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    Striking a Bargain

    Hevensday, 24th of Solmath, Year 1418 Shire-reckoning
    Ost Forod, Parth Aduial, Evendim


    Calenglad's recommendation was the only real option available to us, so we lost no time. Despite the fact that night had only recently descended upon Tinnudir we immediately took our leave and began the journey to Ost Forod. There, according to the Ranger-captain's description, we should find the merchant called Enro Smuin from whom we could hopefully obtain some athelas and cure our ailing companion. Calenglad graciously lent us a horse, so we helped Lagodir onto it and set out at once.


    The going was slow, for we did not wish to disturb Lagodir any more than necessary and it was dull work in the dark under a faint moon in any case. The Gondorian's chills seemed to be getting worse and he would occasionally mutter in his dreaming, but none of us could catch the words. At one point Nephyn suggested I sing a song to lighten all of our hearts and I did so, but I did not want to sing too loudly for fear of attracting preying beasts or prowling tomb-robbers in those parts, so I'm not sure it did much good.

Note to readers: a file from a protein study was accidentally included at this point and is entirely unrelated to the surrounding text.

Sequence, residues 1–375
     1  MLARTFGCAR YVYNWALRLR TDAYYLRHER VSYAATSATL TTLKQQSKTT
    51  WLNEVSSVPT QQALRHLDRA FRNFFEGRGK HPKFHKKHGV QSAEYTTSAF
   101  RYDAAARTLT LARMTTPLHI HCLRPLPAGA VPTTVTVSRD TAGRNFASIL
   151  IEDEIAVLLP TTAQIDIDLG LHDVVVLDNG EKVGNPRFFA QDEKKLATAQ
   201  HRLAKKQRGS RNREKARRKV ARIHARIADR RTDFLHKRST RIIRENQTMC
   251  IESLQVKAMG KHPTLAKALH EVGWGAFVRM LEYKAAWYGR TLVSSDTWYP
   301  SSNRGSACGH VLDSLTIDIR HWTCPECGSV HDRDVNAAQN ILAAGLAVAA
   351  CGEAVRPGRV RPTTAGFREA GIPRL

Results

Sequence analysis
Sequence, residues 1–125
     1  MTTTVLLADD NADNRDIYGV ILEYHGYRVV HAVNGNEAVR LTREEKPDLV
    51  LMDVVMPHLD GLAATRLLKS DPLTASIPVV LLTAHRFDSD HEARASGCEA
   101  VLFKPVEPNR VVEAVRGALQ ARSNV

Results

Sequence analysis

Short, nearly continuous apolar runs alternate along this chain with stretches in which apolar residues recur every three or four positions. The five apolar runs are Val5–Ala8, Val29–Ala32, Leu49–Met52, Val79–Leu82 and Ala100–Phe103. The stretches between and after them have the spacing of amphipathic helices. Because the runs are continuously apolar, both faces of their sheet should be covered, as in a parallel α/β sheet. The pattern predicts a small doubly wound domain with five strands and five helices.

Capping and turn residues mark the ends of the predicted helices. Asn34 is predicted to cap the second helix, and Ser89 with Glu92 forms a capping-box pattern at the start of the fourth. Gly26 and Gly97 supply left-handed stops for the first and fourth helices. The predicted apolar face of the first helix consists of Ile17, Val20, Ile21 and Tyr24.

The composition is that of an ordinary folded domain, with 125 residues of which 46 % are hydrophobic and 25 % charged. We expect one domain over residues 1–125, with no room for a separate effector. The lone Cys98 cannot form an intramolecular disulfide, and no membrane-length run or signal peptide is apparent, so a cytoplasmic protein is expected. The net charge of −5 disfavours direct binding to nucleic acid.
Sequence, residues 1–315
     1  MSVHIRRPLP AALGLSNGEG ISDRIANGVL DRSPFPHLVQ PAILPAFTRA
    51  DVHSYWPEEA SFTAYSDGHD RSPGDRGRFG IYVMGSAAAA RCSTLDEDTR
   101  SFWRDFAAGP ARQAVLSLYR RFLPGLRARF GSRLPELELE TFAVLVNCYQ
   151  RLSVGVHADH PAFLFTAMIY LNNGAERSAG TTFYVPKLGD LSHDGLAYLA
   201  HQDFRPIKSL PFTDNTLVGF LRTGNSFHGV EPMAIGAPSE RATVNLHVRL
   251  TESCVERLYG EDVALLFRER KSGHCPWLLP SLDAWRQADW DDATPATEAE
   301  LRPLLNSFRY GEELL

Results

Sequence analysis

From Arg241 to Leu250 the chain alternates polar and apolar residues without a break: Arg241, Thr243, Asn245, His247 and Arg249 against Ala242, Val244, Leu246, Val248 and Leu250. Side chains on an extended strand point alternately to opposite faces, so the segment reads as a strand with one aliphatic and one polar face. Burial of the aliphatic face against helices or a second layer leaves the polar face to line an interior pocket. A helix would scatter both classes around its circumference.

Once we reached the crossroads of the standing king we took the northern track and the road began to climb steadily upwards. It also became rocky, which slowed our progress even further. Finally, we saw ahead and above us a looming shape and we knew we had reached our destination.

    Ost Forod turned out to be little more than a tumbled ruin which sheltered a motley collection of rather unsavory folk. Some of them greeted us with kind words, but for the most part all we got were hard stares, curled lips, and untrusting eyes. If it weren't for the word of Calenglad himself, I would have thought we had just wandered into a den of thieves and highwaymen. My hand gripped the shaft of my little hammer and I held my head high in defiance.